British child rescued and brought home from Syrian camp
The UK has rescued a British child from Syria as part of efforts to help unaccompanied or orphaned minors caught up in the fallout from the conflict with Islamic State.
A repatriation team left Syria with the child on Tuesday, Sky News understands.
The rescue mission was led by Martin Longden, the UK's Syria envoy.
Further details about the child's identity cannot be reported for legal reasons.
Last year the Foreign Secretary Dominic Raab said the UK would take "the necessary and secure steps" to repatriate minors who are unaccompanied or whose parents have been killed.
"These are children who have experienced the worst horrors of war and bringing them home is the right thing to do," he said in a statement.
The UK has already brought home a small number of British children from northeast Syria where thousands of men, women and infants from dozens of different countries have been held in camps since the collapse of Islamic State's self-proclaimed caliphate.
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It is understood that there are more British minors in these displacement camps.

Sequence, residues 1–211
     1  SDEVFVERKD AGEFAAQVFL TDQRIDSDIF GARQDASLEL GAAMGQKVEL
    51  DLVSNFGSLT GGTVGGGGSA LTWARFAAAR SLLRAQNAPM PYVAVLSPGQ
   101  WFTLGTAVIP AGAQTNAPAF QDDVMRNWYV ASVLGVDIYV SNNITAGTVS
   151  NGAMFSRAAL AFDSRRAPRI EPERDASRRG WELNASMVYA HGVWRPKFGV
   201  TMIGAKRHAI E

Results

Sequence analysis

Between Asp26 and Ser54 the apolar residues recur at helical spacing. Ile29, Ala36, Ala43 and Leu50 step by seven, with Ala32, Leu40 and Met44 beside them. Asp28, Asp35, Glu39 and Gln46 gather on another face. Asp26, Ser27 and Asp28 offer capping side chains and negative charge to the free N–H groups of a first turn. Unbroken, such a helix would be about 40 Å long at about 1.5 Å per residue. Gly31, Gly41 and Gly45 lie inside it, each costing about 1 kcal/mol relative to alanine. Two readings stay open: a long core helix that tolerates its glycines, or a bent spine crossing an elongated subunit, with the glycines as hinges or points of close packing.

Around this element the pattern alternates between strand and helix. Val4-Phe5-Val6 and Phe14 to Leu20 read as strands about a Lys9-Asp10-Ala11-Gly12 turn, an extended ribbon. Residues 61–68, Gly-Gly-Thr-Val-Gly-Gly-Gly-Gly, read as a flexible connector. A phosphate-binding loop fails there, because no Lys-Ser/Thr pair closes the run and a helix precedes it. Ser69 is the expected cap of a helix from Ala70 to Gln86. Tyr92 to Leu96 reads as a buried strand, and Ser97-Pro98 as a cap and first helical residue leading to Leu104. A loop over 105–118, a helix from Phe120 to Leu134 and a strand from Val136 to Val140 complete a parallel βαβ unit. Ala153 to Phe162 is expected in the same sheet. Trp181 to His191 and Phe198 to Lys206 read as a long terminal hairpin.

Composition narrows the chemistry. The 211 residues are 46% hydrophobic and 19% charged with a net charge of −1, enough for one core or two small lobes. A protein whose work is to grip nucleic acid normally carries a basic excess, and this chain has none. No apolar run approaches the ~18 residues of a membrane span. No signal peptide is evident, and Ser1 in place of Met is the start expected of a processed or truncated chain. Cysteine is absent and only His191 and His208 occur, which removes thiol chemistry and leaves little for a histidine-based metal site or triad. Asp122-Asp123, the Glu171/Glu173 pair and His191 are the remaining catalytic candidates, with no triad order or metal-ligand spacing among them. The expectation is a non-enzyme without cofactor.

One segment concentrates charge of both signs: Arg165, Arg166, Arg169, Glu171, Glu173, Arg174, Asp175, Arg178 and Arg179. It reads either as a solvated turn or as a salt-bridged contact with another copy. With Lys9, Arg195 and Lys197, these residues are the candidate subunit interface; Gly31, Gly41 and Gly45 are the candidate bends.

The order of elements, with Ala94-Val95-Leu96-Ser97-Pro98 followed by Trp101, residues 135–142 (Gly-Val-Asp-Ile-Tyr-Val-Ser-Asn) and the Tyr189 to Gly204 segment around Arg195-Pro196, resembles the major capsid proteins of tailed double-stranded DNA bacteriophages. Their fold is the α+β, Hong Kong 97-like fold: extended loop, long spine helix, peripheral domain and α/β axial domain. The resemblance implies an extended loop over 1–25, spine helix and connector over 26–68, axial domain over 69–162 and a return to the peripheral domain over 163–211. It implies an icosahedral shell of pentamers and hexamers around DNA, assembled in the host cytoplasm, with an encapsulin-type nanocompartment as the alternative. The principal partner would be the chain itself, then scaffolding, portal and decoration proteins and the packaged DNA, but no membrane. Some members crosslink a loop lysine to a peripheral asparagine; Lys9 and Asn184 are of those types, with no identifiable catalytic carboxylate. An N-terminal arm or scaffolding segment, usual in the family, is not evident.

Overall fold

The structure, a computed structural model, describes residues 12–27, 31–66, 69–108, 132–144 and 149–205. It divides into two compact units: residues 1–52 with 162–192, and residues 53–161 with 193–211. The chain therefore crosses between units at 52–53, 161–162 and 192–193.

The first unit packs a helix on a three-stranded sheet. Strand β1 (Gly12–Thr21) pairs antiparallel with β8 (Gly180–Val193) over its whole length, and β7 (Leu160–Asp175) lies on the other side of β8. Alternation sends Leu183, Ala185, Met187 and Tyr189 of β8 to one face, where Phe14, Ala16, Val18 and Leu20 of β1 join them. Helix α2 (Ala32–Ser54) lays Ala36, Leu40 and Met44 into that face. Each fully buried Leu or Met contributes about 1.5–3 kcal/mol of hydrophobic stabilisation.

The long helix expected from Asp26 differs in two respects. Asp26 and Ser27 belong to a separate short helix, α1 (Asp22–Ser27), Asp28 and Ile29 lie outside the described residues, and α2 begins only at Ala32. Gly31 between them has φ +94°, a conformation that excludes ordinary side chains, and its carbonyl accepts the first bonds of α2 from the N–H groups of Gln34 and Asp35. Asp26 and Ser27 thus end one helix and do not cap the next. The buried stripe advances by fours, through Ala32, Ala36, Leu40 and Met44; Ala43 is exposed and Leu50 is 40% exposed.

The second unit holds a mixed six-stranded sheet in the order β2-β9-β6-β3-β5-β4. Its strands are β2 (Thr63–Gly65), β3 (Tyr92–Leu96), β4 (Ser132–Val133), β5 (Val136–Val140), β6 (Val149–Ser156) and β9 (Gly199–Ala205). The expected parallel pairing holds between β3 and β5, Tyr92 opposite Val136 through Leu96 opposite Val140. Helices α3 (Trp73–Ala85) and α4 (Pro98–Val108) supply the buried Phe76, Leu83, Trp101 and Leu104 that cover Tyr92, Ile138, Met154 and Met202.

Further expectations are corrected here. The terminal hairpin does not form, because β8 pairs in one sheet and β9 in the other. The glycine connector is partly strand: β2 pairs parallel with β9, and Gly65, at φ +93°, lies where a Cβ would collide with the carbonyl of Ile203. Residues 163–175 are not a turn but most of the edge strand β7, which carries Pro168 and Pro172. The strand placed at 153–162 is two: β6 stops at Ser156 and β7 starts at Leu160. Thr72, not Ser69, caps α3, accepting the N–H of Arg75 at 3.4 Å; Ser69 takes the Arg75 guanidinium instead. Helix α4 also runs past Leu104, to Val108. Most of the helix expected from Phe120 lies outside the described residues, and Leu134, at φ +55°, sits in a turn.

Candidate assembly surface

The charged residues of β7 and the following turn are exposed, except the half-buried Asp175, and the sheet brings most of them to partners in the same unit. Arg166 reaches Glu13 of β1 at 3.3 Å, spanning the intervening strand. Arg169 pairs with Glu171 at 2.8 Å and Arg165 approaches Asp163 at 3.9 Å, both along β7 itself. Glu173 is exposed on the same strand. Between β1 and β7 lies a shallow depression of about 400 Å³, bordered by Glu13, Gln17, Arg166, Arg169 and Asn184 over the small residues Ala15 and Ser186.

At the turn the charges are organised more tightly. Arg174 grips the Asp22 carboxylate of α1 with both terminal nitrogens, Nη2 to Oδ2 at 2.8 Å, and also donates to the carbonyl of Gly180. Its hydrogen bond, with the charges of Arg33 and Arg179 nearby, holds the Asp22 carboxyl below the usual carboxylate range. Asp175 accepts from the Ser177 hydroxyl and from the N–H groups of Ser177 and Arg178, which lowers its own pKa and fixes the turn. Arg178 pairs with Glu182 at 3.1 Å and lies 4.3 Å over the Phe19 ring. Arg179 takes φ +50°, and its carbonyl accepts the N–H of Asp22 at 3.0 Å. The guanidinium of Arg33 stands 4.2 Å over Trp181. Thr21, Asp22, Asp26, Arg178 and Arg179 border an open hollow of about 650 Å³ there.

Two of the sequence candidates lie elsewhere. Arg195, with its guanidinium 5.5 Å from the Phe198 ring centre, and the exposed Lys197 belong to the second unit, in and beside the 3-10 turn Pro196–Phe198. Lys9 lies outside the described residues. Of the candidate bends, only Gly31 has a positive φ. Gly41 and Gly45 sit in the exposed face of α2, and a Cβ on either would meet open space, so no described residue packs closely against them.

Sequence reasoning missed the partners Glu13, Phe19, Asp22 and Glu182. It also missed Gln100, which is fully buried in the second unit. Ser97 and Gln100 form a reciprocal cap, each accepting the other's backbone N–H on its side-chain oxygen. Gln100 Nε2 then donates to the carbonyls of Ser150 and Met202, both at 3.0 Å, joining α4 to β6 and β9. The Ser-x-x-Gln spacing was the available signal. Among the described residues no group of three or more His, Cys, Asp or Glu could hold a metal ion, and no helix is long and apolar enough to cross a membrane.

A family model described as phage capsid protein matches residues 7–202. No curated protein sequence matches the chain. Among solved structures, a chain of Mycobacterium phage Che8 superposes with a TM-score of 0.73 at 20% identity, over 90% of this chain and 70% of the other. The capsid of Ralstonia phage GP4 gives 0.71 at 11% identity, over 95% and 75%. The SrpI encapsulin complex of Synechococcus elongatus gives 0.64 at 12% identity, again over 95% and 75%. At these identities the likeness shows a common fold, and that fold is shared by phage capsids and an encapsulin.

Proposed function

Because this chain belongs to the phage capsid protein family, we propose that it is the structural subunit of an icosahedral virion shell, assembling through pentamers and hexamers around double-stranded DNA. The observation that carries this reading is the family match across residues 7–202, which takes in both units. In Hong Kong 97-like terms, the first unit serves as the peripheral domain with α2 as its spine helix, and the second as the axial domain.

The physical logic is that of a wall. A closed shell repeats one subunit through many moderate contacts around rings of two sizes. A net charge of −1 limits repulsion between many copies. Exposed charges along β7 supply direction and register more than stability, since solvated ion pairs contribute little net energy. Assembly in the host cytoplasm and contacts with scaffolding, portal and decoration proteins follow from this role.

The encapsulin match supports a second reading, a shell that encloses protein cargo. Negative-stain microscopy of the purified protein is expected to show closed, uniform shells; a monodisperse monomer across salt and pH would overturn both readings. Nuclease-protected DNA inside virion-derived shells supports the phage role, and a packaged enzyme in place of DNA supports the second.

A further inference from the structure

Save the Children, a UK charity, said last year that as many as 60 British children might be stranded. But it is not clear how many of that number are on their own or how many are still with one or both parents.
The British government has so far resisted pressure to repatriate men and women – including suspected fighters – who travelled to Syria from the UK to join Islamic State but are now stuck in the camps or in crowded detention centres, guarded by Kurdish forces.
US President Donald Trump has long called on countries, including the UK, to take back their IS-linked nationals from Syria and prosecute or rehabilitate them back home.
It is a topic that might come up when Mr Raab meets with his US counterpart, Mike Pompeo, on Wednesday during a trip to Washington.
One of the most high-profile cases for the UK is of Shamima Begum, a London schoolgirl who joined Islamic State with two friends in 2015 when she was just 15.
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